South Africa plans to leave the international criminal court (ICC,) the nation’s ruling party said as the government faces criticism for ignoring a court order to arrest Sudan’s president Omar al-Bashir earlier this year.
“The ICC has lost its direction,” Obed Bapela, the head of the international relations committee for the African National Congress, told reporters at a conference near Johannesburg where the party announced its new policy.
The Hague-based court needs to be restructured because some nations are using it to further their own agendas, he said.
The Sudanese president, Omar al-Bashir, who has been accused of genocide and war crimes, visited South Africa in June and was allowed to leave despite a court order to detain him.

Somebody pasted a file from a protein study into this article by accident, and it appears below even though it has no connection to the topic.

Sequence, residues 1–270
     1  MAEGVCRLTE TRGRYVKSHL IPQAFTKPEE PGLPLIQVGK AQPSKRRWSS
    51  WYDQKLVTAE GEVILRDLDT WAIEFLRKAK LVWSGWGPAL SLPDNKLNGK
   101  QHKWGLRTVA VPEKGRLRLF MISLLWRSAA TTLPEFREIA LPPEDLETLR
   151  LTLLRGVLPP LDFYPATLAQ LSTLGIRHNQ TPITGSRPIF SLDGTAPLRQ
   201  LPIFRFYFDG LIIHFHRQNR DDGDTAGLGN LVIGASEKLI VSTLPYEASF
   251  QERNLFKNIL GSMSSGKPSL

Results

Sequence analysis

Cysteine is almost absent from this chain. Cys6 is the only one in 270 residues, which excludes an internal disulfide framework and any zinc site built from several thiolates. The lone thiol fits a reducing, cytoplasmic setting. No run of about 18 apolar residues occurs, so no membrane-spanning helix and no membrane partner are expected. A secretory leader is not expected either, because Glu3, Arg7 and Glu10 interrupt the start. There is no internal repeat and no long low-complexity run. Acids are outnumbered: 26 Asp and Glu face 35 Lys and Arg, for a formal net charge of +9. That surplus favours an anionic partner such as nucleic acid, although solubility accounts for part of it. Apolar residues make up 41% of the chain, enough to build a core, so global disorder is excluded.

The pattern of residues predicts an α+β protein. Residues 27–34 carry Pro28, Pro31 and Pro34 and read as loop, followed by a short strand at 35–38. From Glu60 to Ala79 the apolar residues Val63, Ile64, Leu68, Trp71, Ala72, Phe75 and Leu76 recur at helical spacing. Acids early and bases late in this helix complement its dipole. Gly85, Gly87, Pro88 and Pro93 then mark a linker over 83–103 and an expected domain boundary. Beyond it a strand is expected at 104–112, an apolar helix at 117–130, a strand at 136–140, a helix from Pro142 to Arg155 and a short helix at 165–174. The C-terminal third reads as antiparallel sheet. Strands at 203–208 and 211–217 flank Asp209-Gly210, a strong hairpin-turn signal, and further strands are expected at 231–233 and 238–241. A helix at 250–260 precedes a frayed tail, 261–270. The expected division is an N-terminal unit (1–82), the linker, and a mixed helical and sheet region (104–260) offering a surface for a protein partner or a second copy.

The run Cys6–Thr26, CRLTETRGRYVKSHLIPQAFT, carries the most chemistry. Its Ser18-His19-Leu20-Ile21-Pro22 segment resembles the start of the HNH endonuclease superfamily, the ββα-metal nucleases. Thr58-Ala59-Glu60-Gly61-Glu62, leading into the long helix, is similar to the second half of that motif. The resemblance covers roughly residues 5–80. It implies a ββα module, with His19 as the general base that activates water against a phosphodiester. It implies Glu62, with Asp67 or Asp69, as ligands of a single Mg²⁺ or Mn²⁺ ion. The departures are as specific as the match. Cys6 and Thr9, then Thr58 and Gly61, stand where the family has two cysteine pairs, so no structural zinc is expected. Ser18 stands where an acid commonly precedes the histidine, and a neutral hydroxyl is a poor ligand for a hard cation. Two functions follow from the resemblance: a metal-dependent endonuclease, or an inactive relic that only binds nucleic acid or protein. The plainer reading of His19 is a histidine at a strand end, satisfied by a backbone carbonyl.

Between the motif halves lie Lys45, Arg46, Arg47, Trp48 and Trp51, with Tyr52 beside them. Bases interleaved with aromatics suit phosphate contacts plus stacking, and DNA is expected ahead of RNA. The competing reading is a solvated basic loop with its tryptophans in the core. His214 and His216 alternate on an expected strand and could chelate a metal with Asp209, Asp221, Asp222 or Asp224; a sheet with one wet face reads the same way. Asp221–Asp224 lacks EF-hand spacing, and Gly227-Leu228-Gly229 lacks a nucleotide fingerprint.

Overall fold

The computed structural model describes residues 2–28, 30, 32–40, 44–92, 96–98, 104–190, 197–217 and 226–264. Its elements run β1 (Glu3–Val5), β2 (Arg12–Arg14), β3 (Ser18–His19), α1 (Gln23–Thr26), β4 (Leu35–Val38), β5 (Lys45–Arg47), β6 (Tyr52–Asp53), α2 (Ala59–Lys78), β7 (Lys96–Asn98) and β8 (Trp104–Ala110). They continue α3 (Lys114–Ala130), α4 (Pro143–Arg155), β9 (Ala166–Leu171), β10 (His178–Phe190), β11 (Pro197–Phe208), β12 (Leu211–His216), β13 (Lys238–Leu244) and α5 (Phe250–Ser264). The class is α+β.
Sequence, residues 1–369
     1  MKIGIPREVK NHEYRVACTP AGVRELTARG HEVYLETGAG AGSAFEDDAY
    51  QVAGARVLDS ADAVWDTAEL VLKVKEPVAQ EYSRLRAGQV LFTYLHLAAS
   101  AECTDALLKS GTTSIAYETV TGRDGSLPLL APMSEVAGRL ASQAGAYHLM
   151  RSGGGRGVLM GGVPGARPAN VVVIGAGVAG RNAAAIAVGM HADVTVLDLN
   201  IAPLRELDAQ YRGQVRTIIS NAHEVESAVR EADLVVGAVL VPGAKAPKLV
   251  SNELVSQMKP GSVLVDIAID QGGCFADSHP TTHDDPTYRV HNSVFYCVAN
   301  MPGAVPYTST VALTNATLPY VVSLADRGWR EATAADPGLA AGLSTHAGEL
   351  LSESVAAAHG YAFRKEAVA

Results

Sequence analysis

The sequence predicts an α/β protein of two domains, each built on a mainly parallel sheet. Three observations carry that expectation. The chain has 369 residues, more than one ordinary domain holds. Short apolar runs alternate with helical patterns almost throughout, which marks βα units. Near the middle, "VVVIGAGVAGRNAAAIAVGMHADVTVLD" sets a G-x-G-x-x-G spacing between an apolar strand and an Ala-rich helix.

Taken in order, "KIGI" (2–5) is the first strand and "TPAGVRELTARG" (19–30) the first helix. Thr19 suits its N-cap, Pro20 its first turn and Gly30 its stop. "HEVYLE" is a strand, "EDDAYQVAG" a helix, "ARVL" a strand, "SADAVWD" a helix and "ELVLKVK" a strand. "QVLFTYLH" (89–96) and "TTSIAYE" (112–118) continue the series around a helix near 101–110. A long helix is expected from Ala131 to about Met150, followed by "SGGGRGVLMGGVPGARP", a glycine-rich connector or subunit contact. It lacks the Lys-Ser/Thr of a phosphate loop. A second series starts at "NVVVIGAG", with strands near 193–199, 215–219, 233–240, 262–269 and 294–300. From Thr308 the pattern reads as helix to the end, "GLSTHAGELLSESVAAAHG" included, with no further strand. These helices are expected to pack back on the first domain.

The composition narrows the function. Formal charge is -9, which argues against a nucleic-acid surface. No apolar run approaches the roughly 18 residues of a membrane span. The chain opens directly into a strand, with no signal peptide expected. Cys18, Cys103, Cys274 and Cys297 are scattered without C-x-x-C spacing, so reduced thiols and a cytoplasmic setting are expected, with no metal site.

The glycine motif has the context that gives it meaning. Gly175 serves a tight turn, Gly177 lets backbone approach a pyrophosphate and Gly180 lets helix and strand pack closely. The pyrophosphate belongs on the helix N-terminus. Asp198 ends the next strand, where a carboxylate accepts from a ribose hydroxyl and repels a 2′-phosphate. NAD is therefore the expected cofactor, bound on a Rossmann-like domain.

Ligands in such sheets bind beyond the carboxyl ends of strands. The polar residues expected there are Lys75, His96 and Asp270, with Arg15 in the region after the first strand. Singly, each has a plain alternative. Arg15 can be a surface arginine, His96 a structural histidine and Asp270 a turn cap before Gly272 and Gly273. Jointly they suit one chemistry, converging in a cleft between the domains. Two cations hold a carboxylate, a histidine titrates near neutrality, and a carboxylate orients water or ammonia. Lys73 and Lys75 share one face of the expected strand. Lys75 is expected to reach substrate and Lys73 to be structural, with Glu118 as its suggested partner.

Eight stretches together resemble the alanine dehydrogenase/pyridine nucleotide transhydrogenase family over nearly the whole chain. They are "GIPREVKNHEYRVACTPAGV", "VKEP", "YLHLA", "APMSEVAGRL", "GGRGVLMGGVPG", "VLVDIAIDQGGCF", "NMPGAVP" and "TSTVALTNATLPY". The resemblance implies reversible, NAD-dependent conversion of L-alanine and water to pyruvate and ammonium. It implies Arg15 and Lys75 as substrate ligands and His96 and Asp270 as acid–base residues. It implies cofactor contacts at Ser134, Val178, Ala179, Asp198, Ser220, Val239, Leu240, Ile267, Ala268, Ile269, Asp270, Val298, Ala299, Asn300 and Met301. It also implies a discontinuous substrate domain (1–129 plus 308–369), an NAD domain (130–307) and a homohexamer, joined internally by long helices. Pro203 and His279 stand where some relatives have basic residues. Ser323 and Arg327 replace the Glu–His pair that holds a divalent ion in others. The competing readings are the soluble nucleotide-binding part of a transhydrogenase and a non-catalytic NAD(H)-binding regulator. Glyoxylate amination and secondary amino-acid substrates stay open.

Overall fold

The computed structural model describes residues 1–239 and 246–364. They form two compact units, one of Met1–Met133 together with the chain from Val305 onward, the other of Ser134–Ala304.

The Hague-based court recently asked South Africa to explain why it did not arrest Omar al-Bashir.
The ICC issued an arrest warrant on July 12, 2010 for Bashir over allegations of genocide committed in the conflict-ridden Darfur region.
An earlier arrest warrant for the Sudanese leader was issued in March 2009 by the ICC for charges including war crimes and crimes against humanity.
South Africa said it would approach the political body of the ICC for clarity on how the immunity of serving heads of state that are not parties to the ICC’s Rome Statute – such as Sudan – should be handled.
The failure to detain Bashir was a blow to the ICC, which has come under criticism from African states for what they see as its disproportionate focus on the continent in bringing its prosecutions.